Peter Blackmore is tasked with building up Hewlett-Packard Co.s Enterprise Systems Group, a high-profile segment of the Palo Alto, Calif., company that for many will define how HP is perceived by large enterprises. At its HP World conference in Atlanta this month, Blackmore talked with eWEEK Editor in Chief Eric Lundquist and Senior Editor Jeffrey Burt about HPs commercial and consumer businesses, and about HP customers push for a strong return on their IT dollars.
HP is a broad company now—from consumer electronics to servers. How is that an advantage, and is it a disadvantage?
Given the scope of the company, its not really an issue. Its [a] $75 billion [company]. Its not like your resources are stretched, and we see it as very complementary. Were probably unique in the industry, with having a strong enterprise go-to-market and R&D and a strong consumer [business].
What does the consumer side provide the enterprise that IBM or Dell [Inc.] doesnt?
It helps us in that … it drives a lot of revenue and profit. When you talk to a large- enterprise customer, often youre not just selling to them; the discussion is how you can work together in the market. Therefore, theyre very captivated and intrigued by the fact that we can offer a go-to-market potential to [small and midsize businesses], a go-to-market potential to enterprise customers and also to consumer customers. So if you talk to a telephone company … or a bank about the consumer marketing as well as the corporate marketing, it gives you huge depth, so there is a lot of leverage because people look to HP as such a huge and capable organization.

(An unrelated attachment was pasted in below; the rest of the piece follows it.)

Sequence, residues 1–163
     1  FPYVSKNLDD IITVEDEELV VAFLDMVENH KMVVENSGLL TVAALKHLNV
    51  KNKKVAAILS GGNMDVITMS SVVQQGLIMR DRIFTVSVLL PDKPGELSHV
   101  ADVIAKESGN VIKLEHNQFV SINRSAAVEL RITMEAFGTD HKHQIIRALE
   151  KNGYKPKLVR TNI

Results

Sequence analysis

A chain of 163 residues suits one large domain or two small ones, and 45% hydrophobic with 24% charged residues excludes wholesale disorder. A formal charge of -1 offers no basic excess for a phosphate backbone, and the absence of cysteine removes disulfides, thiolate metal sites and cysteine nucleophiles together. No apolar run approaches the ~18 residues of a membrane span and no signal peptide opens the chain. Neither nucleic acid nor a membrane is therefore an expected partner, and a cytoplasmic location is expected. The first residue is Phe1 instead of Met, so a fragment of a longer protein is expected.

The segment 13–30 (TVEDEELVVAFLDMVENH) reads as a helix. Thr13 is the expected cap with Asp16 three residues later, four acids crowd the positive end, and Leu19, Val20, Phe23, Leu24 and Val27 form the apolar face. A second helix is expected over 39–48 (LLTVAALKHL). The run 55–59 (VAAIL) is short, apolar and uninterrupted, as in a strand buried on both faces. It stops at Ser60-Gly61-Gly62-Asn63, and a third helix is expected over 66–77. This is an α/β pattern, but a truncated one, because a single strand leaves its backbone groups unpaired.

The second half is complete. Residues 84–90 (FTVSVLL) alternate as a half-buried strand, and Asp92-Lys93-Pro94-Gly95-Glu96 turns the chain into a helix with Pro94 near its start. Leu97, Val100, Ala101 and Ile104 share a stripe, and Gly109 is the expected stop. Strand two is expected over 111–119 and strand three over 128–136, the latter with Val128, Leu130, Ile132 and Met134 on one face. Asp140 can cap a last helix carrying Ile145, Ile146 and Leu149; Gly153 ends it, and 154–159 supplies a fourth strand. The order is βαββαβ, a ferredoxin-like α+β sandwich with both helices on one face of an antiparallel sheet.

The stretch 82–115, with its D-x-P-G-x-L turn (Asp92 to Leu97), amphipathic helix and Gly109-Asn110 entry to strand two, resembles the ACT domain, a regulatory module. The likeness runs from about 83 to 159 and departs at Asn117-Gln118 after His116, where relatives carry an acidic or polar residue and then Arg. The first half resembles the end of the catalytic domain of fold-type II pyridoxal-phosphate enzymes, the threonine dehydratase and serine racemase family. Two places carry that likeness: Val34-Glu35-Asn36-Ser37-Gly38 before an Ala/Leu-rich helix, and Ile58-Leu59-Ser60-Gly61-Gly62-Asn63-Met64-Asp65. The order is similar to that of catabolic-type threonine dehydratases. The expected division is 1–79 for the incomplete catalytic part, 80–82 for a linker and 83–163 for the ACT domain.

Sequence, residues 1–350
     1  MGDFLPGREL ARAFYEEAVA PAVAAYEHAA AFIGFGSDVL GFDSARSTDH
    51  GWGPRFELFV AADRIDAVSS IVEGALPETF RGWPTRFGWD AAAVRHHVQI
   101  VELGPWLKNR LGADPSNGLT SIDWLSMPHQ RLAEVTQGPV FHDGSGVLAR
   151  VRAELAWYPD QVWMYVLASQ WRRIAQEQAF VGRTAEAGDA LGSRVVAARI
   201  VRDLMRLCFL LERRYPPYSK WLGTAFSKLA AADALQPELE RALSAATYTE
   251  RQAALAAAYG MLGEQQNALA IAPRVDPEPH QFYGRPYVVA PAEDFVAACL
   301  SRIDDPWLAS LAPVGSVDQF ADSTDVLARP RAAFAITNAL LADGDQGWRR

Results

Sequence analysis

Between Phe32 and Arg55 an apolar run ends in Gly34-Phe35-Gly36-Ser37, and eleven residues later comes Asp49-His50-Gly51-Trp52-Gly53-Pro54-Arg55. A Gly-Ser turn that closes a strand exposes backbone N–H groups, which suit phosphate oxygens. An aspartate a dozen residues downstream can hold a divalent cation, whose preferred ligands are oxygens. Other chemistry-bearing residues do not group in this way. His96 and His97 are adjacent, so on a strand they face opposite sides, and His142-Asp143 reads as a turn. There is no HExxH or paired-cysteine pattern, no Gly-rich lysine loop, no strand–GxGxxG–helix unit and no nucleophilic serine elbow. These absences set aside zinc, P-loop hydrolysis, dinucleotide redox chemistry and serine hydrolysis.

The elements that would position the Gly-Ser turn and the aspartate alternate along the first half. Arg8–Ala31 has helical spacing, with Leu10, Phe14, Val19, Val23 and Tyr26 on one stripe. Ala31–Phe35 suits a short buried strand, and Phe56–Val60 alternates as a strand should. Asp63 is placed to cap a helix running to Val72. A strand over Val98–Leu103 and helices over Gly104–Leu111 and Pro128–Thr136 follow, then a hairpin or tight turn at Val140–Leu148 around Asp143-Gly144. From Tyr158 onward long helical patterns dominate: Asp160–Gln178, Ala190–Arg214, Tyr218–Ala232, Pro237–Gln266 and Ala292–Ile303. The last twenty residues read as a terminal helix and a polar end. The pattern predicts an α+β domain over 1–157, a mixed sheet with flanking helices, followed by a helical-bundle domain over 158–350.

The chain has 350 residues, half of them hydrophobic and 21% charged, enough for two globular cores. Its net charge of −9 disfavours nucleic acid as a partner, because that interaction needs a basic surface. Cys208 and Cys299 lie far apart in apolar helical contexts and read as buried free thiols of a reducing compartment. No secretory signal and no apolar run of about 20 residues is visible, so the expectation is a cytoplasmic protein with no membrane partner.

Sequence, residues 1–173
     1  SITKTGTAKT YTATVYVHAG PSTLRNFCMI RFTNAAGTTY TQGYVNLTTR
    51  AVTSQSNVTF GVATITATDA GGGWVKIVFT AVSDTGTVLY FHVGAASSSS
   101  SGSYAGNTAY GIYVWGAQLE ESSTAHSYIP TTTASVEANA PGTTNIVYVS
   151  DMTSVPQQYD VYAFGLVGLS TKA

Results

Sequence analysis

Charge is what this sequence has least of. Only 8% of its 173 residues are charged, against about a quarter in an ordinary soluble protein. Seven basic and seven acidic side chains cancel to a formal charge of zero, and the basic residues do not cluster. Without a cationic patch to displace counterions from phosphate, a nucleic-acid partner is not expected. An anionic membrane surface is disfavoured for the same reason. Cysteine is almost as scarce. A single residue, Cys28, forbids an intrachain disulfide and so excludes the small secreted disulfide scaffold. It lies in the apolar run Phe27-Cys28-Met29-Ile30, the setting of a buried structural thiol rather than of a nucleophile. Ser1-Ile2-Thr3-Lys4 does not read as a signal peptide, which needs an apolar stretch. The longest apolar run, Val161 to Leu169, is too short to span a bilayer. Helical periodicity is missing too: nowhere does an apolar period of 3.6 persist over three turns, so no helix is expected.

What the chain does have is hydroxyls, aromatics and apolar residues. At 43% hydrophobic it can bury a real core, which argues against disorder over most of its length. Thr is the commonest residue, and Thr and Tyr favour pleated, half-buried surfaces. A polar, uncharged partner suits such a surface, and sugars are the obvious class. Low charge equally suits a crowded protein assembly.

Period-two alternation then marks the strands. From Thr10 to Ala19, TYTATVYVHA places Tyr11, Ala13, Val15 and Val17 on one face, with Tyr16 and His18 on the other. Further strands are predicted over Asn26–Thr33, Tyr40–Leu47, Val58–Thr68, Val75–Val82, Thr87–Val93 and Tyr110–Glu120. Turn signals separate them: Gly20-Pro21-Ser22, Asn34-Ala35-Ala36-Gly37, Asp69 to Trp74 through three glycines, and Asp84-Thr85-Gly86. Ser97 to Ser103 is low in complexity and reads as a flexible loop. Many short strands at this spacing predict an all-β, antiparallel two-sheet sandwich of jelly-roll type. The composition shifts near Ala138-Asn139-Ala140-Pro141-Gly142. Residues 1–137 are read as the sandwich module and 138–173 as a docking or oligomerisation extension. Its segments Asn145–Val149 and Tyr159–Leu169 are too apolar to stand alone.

Is there a technology advantage?
There are technology advantages because I think if you take the clients, the consumers are early adopters, more so than corporates, because corporates will have a standard and theyll want to ensure discipline and they dont want lots of people to raise the cost of the implementation by having nonstandard environments. The consumer … will go out and get what they want.
How is HPs high-tech, low-cost, total customer experience equation different from what the customer expected in the past?
There has always been a lot of R&D in the computer industry, but has it always added value? No. And I think the margin model protected that. What has happened is the customer matured and the industry matured. Theres got to be a core return on IT, and theres got to be a core value-add. The concept we have is, technology is still important. If everyone did what Dell does, the industry wouldnt move forward very fast because theres no R&D, so R&D is absolutely essential to the industry.